Adding to this, our easy-to-use Ready4K Family Workshop Facilitator Guides offer step-by step instructions for bringing families together to learn and share strategies with one another too. Each workshop focuses on a different learning domain like Math, Literacy and Social and Emotional skills. Together, families move through a series of interactive games and activities discovering ways to layer easy learning onto the things they are already doing at home.
And all along the way, families share about the parenting strategies and learning activities they use at home, so that schools and programs can begin building an arsenal of learning games and ideas that come from their unique community.
“[The Ready4K messages] give me strength when I am weak. Helps me get through the day and the tough times with my little ones.”
3. Trusting Relationships Are Culturally Responsive and Respectful
As the Administration for Children and Families explains, “Family engagement is the process we use to build genuine relationships with families. Positive relationships with families promote strong parent-child relationships, family well-being, and better outcomes for children and families. Understanding the cultural beliefs, values, and priorities of families is key to the family engagement process.”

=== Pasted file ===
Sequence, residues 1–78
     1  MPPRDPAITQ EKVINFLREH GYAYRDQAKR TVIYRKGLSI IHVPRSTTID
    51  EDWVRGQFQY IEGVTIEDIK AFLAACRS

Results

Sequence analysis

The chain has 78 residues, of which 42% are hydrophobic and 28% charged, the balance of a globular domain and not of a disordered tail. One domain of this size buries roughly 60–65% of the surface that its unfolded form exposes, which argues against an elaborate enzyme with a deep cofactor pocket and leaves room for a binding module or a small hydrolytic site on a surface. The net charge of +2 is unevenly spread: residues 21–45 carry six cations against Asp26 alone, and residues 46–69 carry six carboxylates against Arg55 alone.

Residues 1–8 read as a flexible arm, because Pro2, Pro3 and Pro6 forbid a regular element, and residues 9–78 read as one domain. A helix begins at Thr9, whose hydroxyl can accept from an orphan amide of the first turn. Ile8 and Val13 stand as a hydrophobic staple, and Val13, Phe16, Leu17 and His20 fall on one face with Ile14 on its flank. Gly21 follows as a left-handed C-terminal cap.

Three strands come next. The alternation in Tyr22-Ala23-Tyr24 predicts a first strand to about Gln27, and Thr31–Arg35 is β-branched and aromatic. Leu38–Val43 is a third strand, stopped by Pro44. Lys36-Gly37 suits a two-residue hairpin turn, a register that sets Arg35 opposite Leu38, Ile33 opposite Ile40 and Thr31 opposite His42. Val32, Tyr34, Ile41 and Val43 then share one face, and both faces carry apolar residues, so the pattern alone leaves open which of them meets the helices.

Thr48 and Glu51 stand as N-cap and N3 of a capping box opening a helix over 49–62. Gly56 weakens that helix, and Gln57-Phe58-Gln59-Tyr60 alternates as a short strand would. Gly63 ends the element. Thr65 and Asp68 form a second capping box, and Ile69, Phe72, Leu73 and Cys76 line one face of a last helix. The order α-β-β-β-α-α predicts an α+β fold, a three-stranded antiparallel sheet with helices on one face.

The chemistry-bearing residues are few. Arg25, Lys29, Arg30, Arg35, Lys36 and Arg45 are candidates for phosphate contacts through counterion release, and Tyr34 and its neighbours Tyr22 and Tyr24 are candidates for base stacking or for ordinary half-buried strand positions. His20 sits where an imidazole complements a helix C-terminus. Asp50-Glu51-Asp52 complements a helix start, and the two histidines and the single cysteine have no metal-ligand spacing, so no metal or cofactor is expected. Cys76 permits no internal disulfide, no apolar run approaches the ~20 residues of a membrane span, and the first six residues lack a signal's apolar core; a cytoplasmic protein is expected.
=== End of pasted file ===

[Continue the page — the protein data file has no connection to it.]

Our weekly Ready4K text messages support schools and districts in reaching and engaging families in their home language. Ready4K is offered in English, Spanish, Vietnamese, Arabic, Russian, and Chinese. When we translate, we work with experts to ensure the messages are culturally resonant and responsive. And we don’t just do word-for-word translations. We make adaptations to help ensure our messages are culturally resonant.
Adding to this, in our Trauma-Informed program we link to community-based resources that celebrate and promote the unique cultures and identities of the communities we serve. This helps to connect families with cultural centers, books in their native languages and classes.
Finally, (though this really is just the tip of the iceberg), as a family engagement program that schools, districts, Head Starts, and community based organizations choose again and again, Ready4K brings another critical ingredient to establishing trusting relationships:
It works. In fact, it has the strongest evidence base in the field of digital parenting supports. So partners trust us, knowing their digital family engagement program is grounded in the most rigorous research out there.
Trusted Relationships Mean Confident Kids (and Grown-ups)
When the day finally comes and my daughter opens that mailbox to find her long-awaited class schedule, I’ll be watching as she tears it open and inspects its contents. Specifically, my eyes will be on her face. I’ll be hoping to see a look of relief and a smile that conveys this sentiment, which Ready4K recently heard from a parent we serve:
“Ready4K made me feel more confident and see the way even the smallest moments make a big difference.“